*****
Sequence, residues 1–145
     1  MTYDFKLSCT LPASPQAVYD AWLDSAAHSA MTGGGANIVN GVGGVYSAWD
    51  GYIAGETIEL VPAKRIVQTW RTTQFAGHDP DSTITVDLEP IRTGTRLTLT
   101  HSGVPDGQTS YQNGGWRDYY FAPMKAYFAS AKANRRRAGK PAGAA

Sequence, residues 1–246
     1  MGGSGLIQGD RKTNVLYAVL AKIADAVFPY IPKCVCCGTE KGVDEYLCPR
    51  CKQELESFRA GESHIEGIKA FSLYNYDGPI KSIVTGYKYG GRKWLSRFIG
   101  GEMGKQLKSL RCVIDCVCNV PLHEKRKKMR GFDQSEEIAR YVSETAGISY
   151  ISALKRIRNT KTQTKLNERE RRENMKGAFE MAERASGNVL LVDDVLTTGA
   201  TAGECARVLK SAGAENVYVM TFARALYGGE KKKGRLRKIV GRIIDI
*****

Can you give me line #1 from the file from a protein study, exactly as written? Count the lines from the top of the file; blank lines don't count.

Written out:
Sequence, residues 1–145